Gauss’s lemma II
Remark. The above statement is often used in its contrapositive form. For an example of this usage, see this entry (http://planetmath.org/AlternativeProofThatSqrt2IsIrrational).
Proof. A primitive polynomial in is by definition divisible by a non invertible constant polynomial, and therefore reducible in (unless it is itself constant). There is therefore nothing to prove unless (which is not constant) is primitive. By assumption there exist non-constant such that . There are elements such that and are in and are primitive (first multiply by a nonzero element of to chase any denominators, then divide by the gcd of the resulting coefficients in ). Then is primitive by Gauss’s lemma I, but is primitive as well, so is a unit of and is a nontrivial decomposition of in . This completes the proof.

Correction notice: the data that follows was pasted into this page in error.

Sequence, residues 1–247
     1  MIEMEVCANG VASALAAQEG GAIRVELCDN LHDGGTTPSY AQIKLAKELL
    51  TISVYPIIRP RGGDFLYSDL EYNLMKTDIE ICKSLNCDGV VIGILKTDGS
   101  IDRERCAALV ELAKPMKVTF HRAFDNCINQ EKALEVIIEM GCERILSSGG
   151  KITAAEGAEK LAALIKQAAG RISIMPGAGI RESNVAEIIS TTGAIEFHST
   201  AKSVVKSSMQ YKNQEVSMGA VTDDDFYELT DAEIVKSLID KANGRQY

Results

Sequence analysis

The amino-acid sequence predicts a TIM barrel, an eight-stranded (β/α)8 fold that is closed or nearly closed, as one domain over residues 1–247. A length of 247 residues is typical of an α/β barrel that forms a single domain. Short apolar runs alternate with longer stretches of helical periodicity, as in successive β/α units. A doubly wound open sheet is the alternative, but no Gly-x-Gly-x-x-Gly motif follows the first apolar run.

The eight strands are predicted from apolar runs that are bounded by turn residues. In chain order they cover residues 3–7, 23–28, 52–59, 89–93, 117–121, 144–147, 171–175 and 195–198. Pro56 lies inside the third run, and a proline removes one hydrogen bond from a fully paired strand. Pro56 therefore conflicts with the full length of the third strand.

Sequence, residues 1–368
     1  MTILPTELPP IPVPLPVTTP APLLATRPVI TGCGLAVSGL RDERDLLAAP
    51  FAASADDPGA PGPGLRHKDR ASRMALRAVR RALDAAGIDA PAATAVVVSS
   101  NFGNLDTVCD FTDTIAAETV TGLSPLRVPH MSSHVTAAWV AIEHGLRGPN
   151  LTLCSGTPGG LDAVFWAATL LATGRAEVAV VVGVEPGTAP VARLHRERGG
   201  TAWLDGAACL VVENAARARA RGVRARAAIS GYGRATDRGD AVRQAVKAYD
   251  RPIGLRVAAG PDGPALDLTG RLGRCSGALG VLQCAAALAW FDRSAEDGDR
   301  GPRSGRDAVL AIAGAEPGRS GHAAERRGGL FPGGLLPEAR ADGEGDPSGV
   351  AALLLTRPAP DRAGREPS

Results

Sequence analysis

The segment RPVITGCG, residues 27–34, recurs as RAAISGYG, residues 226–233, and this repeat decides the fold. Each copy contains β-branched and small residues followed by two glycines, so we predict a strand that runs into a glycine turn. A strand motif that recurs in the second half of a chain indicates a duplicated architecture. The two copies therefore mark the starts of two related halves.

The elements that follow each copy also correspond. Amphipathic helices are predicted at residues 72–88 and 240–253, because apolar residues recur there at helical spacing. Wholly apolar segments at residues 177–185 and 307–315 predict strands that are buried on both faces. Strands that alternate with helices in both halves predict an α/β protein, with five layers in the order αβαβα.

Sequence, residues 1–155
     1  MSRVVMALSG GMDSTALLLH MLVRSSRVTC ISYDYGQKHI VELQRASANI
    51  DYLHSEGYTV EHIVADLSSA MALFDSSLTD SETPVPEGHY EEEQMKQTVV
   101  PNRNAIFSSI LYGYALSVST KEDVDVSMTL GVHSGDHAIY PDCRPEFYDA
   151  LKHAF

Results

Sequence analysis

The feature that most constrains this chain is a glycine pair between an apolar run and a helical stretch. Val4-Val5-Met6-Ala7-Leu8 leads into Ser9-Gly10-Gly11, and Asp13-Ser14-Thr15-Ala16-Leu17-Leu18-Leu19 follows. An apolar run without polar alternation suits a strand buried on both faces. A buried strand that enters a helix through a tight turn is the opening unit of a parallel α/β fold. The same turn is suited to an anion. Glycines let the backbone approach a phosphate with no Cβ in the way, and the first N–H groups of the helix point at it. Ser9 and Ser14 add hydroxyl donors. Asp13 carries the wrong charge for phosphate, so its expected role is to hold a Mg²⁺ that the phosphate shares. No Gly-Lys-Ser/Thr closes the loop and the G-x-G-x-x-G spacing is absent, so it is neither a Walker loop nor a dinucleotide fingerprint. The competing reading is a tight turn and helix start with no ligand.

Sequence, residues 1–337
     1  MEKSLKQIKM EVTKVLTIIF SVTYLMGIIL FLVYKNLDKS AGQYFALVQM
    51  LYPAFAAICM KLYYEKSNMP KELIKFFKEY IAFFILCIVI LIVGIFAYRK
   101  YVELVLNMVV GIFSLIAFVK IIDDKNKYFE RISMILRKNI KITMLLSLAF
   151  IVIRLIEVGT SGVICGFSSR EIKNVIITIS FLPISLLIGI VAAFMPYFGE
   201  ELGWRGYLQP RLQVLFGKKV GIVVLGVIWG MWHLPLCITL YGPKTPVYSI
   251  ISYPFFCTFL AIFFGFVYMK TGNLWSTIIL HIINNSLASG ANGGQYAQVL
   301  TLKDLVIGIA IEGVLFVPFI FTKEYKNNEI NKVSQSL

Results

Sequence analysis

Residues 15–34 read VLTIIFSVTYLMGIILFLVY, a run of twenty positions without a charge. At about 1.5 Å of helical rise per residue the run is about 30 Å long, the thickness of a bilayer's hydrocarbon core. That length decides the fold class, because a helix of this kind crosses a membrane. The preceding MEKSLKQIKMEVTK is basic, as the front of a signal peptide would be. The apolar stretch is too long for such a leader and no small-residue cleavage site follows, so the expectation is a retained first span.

Remark. Another result with the same name is Gauss’ lemma on quadratic residues.
From the above proposition and its proof one may infer the
|Title||Gauss’s lemma II|
|Date of creation||2013-03-22 13:07:52|
|Last modified on||2013-03-22 13:07:52|
|Last modified by||bshanks (153)|
|Synonym||Gauss’ lemma II|